Synergism, or the co-operation of divine grace and the human will, is another basic truth of the Arminian system. The Scriptures represent the Spirit as working through and with man’s concurrence. Divine grace, however, is always given the pre-eminence, and this for two reasons: (1) The capacity for religion lies deep in the nature and constitution of man. The so-called “natural. conscience” is due to the universal influence of the Spirit. It is preliminary grace in the very roots of man’s nature, to which he may yield, or which he may resist. The fact that man since the fall is a free moral-agent, is as much the effect of grace as it is a necessity of his moral nature. (2) The influence of the Spirit connected with the Word is irresistible as claiming the attention of the natural man, He may resist it, but he cannot escape it. This grace moves upon the will through the affections of hope and fear, and touching the deepest recesses of his nature, disposes him to yield to the appeals of the Word, whether presented directly or indirectly. But this divine grace always works within man in a manner that does not interfere with the freedom of his will. “The man determines himself,” says Pope, “through divine grace to salvation; never so free as when swayed by grace.”
Finally, Arminianism holds that salvation is all of grace, in that every movement of the soul toward God is initiated by divine grace; but it recognizes also in a true sense, the co-operation of the human will, because in the last stage, it remains with the free agent, as to whether the grace thus proffered is accepted or rejected.
Prevenient Grace and Human Agency. The relation of free grace to personal agency demands a further analysis. This relation may be briefly summed up in the following propositions: (1) Prevenient grace is exercised upon the natural man, or man in his condition subsequent to the fall, This grace is exercised upon his entire being, and not upon any particular element or power of his being. Pelagianism regards grace as acting solely upon the understanding, while Augustinianism falls into. the opposite error of supposing that grace determines the will through effectual calling. Arminianism holds to a truer psychology. It insists that grace does not operate merely upon the intellect, the feelings or the will, but upon the person or central being which is beneath and behind all affections and attributes. It thus preserves a belief in the unity of personality. (2) Prevenient grace has to do with man as a free and responsible agent. The fall did not efface the natural image of God in man, nor destroy any of the powers of his being. It did not destroy the power of thought which belongs to the intellect, nor the power of affection which pertains to the feelings. So, also, it did not destroy the power of volition which belongs to the will. (3) Prevenient grace has to do further, with the person as enslaved by sin. Not only is the natural heart depraved, God does not compel man by a mechanical force, but draws him on and moves him by the moral power of His love. Nowhere does either Scripture or the Church teach that the sinner is entirely passive at the commencement of his repentance. The voice which cries awake! comes not to corpses, but to the spiritually dead, in whom a capacity for life remained, a receptivity, even where we cannot think of any spontaneity without the influence of the preparing grace of God. The grace of God leads the sinner to faith, but always in such wise, that the latter’s believing surrender to Christ is his own personal act.—Von Oosterzee, Chr. Dogm. II, p. 682.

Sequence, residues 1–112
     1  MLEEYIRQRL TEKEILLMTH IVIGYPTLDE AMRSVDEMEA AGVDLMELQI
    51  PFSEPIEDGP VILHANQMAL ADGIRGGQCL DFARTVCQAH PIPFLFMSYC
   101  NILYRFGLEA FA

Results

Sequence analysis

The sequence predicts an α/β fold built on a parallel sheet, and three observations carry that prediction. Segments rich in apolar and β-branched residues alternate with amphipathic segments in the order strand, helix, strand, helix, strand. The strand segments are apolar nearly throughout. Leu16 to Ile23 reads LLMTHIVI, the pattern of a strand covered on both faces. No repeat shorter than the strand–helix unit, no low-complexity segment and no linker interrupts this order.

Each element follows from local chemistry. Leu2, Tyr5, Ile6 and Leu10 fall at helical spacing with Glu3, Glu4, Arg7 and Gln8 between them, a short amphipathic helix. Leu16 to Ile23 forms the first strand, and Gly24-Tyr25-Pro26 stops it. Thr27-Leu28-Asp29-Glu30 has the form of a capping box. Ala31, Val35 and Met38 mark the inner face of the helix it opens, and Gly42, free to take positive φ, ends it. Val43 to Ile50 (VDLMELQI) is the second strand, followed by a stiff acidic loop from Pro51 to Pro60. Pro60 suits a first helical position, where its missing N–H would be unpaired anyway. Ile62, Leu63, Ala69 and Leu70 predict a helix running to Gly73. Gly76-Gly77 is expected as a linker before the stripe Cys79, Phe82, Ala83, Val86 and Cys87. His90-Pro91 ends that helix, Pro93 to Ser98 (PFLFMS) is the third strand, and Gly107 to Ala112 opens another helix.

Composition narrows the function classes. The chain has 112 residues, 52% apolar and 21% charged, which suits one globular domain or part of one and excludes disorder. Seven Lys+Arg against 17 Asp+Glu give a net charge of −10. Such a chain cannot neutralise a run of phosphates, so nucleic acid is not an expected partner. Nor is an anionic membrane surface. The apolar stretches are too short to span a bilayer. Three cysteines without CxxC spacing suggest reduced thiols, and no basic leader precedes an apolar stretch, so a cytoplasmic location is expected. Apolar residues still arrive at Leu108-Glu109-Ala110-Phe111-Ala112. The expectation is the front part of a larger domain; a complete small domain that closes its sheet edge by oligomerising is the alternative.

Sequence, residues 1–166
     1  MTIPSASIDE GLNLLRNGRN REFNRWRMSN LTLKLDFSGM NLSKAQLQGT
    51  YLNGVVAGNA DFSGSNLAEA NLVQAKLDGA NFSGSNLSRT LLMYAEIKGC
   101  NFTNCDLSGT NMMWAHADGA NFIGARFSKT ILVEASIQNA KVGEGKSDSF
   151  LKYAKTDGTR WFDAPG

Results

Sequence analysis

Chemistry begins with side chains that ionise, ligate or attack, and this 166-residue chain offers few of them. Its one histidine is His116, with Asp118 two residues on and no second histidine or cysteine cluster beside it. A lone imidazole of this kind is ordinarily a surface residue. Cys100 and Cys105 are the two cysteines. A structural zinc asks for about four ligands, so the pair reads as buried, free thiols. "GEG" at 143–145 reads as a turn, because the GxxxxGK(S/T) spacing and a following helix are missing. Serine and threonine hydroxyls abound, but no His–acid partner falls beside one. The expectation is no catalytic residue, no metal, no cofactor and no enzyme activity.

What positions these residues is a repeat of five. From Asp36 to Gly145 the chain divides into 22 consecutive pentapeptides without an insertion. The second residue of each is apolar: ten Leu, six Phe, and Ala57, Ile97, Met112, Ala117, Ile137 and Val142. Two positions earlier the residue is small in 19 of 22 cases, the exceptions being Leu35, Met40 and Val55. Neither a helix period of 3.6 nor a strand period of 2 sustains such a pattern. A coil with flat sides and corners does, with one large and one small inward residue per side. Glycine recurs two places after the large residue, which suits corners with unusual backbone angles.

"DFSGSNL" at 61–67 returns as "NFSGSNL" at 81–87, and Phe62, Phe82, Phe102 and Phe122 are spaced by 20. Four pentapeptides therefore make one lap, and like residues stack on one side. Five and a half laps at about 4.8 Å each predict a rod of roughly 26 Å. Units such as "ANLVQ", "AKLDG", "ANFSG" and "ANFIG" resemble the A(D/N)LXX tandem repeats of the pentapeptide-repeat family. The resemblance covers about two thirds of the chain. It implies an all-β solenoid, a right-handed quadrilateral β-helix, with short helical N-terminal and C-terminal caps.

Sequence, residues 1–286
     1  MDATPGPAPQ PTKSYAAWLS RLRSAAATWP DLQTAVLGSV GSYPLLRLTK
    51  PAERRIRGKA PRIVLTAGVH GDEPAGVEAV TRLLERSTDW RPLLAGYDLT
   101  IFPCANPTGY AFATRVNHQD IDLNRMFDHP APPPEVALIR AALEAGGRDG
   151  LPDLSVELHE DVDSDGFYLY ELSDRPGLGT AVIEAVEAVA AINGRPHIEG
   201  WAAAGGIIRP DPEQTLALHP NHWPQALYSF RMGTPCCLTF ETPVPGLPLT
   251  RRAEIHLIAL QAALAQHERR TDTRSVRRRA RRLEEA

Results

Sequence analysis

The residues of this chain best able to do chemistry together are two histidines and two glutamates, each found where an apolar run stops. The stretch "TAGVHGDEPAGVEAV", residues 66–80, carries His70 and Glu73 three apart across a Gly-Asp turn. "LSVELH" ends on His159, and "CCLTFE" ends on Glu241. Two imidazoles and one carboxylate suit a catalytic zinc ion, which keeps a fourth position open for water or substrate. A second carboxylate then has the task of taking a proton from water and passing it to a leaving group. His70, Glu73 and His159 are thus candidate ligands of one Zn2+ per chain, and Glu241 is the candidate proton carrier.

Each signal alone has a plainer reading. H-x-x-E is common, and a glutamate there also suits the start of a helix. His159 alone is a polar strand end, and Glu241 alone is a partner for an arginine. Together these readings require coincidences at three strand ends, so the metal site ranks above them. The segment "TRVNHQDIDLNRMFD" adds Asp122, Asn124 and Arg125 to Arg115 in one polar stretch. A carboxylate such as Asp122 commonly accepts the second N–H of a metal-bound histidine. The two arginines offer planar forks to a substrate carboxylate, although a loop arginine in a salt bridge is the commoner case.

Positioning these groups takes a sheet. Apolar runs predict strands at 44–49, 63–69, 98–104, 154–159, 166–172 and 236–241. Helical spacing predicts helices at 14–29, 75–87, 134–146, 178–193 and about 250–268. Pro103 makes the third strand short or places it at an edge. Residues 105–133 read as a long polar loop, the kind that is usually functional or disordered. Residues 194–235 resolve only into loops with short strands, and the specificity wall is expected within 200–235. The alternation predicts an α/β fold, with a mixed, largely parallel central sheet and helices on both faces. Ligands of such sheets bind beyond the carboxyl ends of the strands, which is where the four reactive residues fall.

Never does man appear to be more powerfully determined by God, than in the summons to grace, and yet it is that very summons which calls his freedom from its latent form into actual existence. .—Lange.
But added to this is the acquired depravity which attaches to actual transgression. This slavery is not absolute, for the soul is conscious of its bondage and rebels against it. There is, however, a sinful bias, commonly known as a “bent to sinning” which determines the conduct by influencing the will. Thus grace is needed, not to restore to the will its power of volition, nor thought and feeling to the intellect and sensibility, for these were never lost; but to awaken the soul to the truth upon which religion rests, and to move upon the affections by enlisting the heart upon the side of truth. (4) The continuous co-operation of the human will with the originating grace of the Spirit, merges prevenient grace directly into saving grace without the necessity of any arbitrary distinction between “common grace” and “efficacious grace” as is done in the Calvinistic system. Because of their insistence upon the co-operation of the human will, Arminian theologians have been charged with being Pelagian, and of insisting upon human merit rather than divine grace in salvation. But they have always held that grace is, pre-eminent, and that the power by which man accepts God’s proffered grace is from God (Banks); and “the power by which man co-operates with grace is itself grace” (Pope). In opposition to Augustinianism which holds that man has no power to co-operate with God until after regeneration, Arminianism maintains that through the prevenient grace of the Spirit, unconditionally bestowed upon all men, the power and responsibility of free agency exist from the first dawn of the moral life.
For the original post by Roy Ingle, go to: http://arminiantoday.com/2012/09/17/h-orton-wiley-on-prevenient-grace/